I am living.

Stay tuned…for the next adventure of Rheumatoid Arthritis Guy!


The Tale Of A Superhero In New York City

NYCThe Prednisone withdrawal that I’ve been dealing with over the past few months has been one of the hardest and most frightening things I’ve ever had to deal with. (Who would have know that ‘non addictive’ does *not* mean that you still can’t experience extreme withdrawal symptoms?)

And while I’m not yet at the finish line (but am oh-so-close, with my most recent taper down to 5 mg/day from a previous high of 25 mg/day), I think that things are finally back under control.

Just yesterday, a good friend–someone who inspired me each time we met over the past few months, and who always knew exactly what I was going through–pointed out that this was the first time she had seen me when I wasn’t trembling and when I wasn’t sweating.

She was right.

Now is the first time in a long time, when I can honestly say that I feel healthy. Am I saying I no longer have RA; that I’ve been cured? Of course not. Am I saying that I no longer experience indescribable pain on a daily basis? I’m most certainly not saying that, either. What I am saying is that now that I have to deal with “just”–if you know what I mean–pain of RA (or whatever the doctors do and don’t want to label it as, based upon personal experience) I am feeling more strong, and more empowered, than ever before.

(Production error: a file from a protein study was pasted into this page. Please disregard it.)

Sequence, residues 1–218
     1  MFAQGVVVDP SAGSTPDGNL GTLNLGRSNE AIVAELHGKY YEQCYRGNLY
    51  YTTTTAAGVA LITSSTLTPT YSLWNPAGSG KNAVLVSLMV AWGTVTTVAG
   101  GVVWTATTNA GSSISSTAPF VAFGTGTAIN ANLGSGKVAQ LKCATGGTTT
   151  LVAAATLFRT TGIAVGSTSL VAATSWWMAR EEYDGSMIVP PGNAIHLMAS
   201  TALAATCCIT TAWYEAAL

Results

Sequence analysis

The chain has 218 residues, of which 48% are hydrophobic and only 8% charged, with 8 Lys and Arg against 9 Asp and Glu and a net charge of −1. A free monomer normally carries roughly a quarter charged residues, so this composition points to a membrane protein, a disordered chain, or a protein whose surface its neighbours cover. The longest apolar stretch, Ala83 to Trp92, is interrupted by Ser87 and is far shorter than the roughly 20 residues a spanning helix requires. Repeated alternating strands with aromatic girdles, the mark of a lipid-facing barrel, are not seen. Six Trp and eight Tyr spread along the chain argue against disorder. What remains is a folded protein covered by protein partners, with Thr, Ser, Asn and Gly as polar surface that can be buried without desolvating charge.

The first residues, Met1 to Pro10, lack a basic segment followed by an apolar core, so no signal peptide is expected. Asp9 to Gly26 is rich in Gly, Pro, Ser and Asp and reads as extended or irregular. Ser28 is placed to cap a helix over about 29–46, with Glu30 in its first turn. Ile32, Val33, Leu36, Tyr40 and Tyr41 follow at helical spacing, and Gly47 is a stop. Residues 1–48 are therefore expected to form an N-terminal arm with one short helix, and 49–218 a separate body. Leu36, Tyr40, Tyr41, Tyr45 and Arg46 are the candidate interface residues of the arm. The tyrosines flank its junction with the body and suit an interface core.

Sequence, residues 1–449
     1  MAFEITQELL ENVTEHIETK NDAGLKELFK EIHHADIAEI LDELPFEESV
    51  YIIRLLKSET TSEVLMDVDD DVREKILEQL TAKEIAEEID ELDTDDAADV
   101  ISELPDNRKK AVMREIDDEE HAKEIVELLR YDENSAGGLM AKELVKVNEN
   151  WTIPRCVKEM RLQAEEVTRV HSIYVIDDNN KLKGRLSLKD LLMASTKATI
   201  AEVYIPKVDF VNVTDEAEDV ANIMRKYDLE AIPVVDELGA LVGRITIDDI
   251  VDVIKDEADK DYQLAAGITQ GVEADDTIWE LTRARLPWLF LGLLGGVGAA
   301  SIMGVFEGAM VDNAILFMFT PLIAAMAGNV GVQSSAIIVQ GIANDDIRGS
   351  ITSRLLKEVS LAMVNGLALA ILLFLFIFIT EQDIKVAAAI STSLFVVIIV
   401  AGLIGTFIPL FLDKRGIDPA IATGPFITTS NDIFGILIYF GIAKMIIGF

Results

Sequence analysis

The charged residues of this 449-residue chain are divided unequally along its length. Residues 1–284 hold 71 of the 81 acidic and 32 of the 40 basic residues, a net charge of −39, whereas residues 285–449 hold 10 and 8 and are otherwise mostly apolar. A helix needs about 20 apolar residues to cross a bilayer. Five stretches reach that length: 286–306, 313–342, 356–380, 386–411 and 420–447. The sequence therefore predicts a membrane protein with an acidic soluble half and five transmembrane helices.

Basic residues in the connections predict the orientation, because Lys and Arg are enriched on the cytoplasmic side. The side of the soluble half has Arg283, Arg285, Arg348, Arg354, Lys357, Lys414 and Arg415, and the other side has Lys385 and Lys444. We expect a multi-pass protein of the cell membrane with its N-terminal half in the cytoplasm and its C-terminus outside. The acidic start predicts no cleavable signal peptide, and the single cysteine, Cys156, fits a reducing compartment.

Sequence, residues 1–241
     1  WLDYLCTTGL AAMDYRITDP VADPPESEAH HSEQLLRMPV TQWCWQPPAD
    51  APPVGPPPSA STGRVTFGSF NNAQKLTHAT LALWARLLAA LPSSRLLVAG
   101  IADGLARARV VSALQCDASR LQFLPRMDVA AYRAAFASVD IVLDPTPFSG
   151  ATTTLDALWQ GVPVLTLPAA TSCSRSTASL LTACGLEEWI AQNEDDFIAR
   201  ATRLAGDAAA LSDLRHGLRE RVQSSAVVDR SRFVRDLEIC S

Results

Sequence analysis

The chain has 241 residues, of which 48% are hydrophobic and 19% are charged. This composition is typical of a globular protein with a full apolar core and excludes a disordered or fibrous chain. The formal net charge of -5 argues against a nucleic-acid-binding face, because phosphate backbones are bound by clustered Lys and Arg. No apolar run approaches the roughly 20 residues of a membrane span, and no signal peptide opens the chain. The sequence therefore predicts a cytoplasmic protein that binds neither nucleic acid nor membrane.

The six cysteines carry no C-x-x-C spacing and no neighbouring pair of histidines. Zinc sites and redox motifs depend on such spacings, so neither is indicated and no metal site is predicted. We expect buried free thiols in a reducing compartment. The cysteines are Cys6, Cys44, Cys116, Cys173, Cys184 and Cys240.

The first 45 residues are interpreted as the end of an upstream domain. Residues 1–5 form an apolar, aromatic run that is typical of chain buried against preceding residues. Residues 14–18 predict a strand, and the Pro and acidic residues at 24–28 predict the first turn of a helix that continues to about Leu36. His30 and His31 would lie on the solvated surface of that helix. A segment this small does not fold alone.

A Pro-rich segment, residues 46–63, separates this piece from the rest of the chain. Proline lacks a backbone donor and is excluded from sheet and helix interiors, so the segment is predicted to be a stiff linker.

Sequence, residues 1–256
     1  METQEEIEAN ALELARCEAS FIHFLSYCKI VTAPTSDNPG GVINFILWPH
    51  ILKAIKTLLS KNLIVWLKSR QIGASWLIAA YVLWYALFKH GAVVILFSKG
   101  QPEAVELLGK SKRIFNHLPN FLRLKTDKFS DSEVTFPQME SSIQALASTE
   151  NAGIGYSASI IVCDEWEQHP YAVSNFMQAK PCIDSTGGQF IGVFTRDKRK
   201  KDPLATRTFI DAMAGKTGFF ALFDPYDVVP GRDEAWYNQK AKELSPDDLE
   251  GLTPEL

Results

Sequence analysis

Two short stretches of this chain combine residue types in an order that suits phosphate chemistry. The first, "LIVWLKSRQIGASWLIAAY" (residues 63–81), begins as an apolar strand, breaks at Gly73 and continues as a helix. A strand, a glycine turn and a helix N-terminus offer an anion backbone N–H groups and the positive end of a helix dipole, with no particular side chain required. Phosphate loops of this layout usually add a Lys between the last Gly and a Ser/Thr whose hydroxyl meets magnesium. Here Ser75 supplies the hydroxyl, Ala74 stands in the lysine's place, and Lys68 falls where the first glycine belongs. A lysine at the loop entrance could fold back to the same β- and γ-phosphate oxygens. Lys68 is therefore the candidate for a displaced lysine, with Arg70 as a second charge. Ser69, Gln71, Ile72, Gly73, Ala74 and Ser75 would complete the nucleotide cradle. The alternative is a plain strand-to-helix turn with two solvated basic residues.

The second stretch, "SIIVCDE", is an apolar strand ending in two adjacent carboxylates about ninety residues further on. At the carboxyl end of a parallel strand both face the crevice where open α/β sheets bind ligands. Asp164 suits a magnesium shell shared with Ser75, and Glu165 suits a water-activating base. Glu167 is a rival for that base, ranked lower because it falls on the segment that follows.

Some people have suggested that maybe I was tapering down too quickly. Maybe I was, maybe I wasn’t…I dunno. What I *do* know is that three months ago, when my dose was at its all-time high (not only in amount, but also length of use–well past the half year mark), I wanted *completely out* of the entire Prednisone thing. It had far surpassed the original goal of trying to take away (mask?) some of the pain, and of allowing me to try to hold on to some semblance of mobility. It was not only, at a certain point, having the complete opposite effect…it was also heightening the effects of my downward emotional spiral (otherwise known as “depression”).

Because when every second felt like I had just drank a six-pack of Red Bull, when I would lay facing the ceiling until the sun came out, night after night, wondering how I was still going, even though I hadn’t slept in days, I knew that things were not right.

I wasn’t just losing control. I had already lost control.

And while I thought that previous tapers that I have gone through were challenging, I soon realized that they absolutely paled in comparison with what I was going through now. As I sat there, knowing that it would take many months to taper off the Prednisone, I told myself that even though I couldn’t (immediately) stop the free-fall that I was in, I could at least start to soften up my “landing” as best I could.

I knew a crash was imminent, and it was frightening as hell.

I also knew that once I reached “rock bottom,” that all I could do is bounce back up.

And I am bouncing. I am bouncing not in a way that is removed from reality, nor overly optimistic. I am bouncing in a way that is allowing me to get even closer to the pain, to accept it even more into my life. This chronic pain continues to teach me that I need to accommodate and respect the pain, when necessary…and also that I need to work right through the pain, when necessary. (The fun part of continuing down this journey: trying to figure out when it’s all about doing something, and trying to figure out when it’s all about *not* doing something.)